I wore the Meta Ray Bans in Montreal to test their AI translation skills. It didn't go well.

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Imagine you've just arrived in another country, you don't speak the language, and you stumble across a construction zone. The air is thick with dust. you are tired You still smell like an airplane. You try to ignore the jackhammers to understand what the signs say: Do you need to cross the street, or walk another block, or turn around?

I was Absolutely Such is the case this week, but I came prepared. I flew to Montreal to spend two days testing the new AI translation feature on Meta's Ray-Ban smart sunglasses. Within 10 minutes of setting out on my first walk, I ran into a barrage of confusing orange twirl signs.

The AI ​​translation feature is meant to give wearers a fast, hands-free way to understand text written in foreign languages, so I couldn't have devised a better pop quiz to show how it works in real time.

As one of the diggers fumbled, I looked at a sign and began asking my glasses to tell me what it said. Before I could finish, an annoying construction worker started yelling at me and pointing north, and I walked across the street.

Photo: Kate Nibbs

At the beginning of my AI adventure, I'd come across the biggest limitation of this translation software—it doesn't tell you what people say at the moment. It can only parse the written word.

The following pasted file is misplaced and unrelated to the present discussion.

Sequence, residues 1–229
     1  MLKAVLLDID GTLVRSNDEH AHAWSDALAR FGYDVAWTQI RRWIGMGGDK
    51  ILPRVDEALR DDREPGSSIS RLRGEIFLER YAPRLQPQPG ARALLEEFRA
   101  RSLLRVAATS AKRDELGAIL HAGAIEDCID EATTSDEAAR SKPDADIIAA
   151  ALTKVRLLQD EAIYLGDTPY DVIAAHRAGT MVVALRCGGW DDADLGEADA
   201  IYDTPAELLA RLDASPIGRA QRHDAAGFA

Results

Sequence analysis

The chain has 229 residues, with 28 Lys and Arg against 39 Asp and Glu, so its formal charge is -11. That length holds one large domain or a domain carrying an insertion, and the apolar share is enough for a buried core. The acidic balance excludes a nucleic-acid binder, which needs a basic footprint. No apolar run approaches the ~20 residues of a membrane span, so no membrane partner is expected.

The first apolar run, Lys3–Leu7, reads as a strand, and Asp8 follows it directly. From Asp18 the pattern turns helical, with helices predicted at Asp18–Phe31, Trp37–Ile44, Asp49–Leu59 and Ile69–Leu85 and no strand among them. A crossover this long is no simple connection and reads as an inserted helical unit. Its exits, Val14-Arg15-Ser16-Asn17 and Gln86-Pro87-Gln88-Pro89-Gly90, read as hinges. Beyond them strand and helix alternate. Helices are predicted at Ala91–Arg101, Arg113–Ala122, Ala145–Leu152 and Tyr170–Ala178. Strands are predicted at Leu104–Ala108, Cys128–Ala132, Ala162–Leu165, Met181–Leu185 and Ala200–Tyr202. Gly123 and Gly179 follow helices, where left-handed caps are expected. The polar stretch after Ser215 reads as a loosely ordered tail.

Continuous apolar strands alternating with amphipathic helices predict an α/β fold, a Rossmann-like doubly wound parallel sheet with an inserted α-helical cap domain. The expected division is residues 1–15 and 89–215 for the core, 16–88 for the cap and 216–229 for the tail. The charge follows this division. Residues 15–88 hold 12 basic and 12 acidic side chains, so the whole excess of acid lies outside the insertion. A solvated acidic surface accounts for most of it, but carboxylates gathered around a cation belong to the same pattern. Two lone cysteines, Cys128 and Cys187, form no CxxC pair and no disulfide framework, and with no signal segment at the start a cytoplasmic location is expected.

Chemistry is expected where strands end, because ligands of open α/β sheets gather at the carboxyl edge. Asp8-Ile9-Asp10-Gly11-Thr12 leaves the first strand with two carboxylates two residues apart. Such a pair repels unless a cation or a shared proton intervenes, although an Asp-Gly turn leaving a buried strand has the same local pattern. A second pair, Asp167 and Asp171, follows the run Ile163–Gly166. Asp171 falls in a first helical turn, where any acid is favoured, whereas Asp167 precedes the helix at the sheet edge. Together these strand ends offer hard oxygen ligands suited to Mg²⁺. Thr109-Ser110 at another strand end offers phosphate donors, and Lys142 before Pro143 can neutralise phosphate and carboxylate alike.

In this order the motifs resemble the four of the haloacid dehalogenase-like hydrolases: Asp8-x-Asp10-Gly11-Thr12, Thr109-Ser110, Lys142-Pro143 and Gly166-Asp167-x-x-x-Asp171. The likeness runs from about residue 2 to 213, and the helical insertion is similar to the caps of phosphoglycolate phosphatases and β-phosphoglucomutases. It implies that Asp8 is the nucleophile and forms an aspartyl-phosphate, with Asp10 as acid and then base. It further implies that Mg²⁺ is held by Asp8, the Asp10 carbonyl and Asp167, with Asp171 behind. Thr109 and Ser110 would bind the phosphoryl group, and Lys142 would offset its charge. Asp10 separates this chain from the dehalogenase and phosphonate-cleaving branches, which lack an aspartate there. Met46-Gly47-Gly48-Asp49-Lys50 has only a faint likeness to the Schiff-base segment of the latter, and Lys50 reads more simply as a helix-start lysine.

I already knew the feature was just writing at the time, so it wasn't a surprise. But soon, I would succumb to its other, less obvious obstacles. Over the next 48 hours, I tested AI translation on a variety of street signs, business signs, advertisements, historical plaques, religious literature, children's books, tourism pamphlets, and menus—with very varied results.

Sometimes it was worth it, like when he told me the book I picked up for my son, Trois Beaux Bébés, There were about three beautiful children. (Correct.) He told me over and over again outside It meant “open”, which frankly I already knew, but I wanted to put some order to it.

Other times, my robot translator wasn't up to the task. He told me that the sign for the infamous adult movie theater Cinéma L'Amour translates to … “Cinéma L'Amour.” (F for effort — Google Translate at least turned it into “cinema love.”)

Courtesy of Kate Knibbs

At the restaurant, I struggled to get him to read every item on the menu. For example, instead of telling me all the different burger options at the brewpub, he just told me there were “burgers and sandwiches,” and refused to be more specific despite my wheeling.

When I went to an Italian place the next night, it gave me a broad summary of the offerings rather than breaking them down in detail—I was told there were “grilled meat skewers,” but not, for example, that there were There were ducks. Confit, lamb, and beef options, or how much they cost.

Overall, right now, AI translation is more of a whimsical party trick than a genuinely useful travel tool for foreign climates.

How it works (or doesn't)

To use AI translation, a Spectacles wearer needs to say the following magic words: “Hey Meta, look at …” and then ask it to translate what they're looking at.

The glasses take a snapshot of whatever is in front of you, and then tell you about the text after a few seconds of processing. I expected more straightforward translations, but it rarely breaks down word-for-word. Instead, it interprets what it sees or presents a broad summary.

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